Well, I’m not sure if that is the real reason, but I guess the rumor going around the council chambers is she didn’t do much. Well neither did the past auditor. I have known for awhile that she was considering leaving and there was a bit of ‘drama’ going on in the auditor’s office.

So essentially now we have an auditor-less auditor’s office, and the city councilor in charge of that office, Neitzert, has requested to go to ‘management training’ to deal with them.

They need to hire a real Hard-Ass that will take the city books and turn them upside down.

I’m finding out post Bucktooth & Bowlcut that not to many things have changed.

Rose Grant. Elect an Auditor, Auditor

A Democratic candidate for Minnehaha County Auditor, Rose Grant will be running. Rose serves on the City of Sioux Falls Audit Advisory Committee, and has practiced as a CPA in Sioux Falls since 2000. She worked with East, VanDerWoudie and currently with her own firm Grant & Williams.

 

Sloppy Executive Order Management?

You can read the Audit Committee’s conclusion on Sioux Falls City Hall’s handling of executive orders: (DOC: Exec-order)

While they don’t use the word ‘Sloppy’ it’s kind of obvious.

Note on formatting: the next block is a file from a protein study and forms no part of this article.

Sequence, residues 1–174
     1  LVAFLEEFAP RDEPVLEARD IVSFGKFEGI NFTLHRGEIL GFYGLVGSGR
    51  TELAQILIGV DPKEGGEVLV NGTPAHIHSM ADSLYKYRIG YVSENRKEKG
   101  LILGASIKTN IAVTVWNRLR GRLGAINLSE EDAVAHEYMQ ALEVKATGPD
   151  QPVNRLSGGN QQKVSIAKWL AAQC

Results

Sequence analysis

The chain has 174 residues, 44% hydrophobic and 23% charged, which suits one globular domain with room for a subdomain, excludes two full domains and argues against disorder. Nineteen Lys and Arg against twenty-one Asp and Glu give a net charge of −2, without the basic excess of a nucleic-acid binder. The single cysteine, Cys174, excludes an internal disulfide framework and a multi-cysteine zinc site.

Here are some highlights;

BACKGROUND

The City does not currently have a centralized process in place for maintaining written policies and procedures.

RESULTS

We interviewed management, reviewed a sample of Executive Orders and written policies and procedures, and researched best practices for policy maintenance. We identified the following best practices for policy maintenance:

• Policies should be consolidated, maintained, and managed in a centralized location

• Policies should be kept current and changes should be communicated timely

• Policies should have an official custodian

• Employees should attest to policies and procedures that guide their job duties

Policies and Procedures

We found that policies and procedures are accurate and up-to-date, with a few exceptions. We also determined that routine maintenance and employee access could be improved. Following are the results of our testing.

• We found no references to incorrect or outdated fees.

• We noted 6 documents that made references to specific employee names instead of job titles.

• We identified 4 documents that included either outdated references, outdated processes, unnecessary requirements, or conflicting information.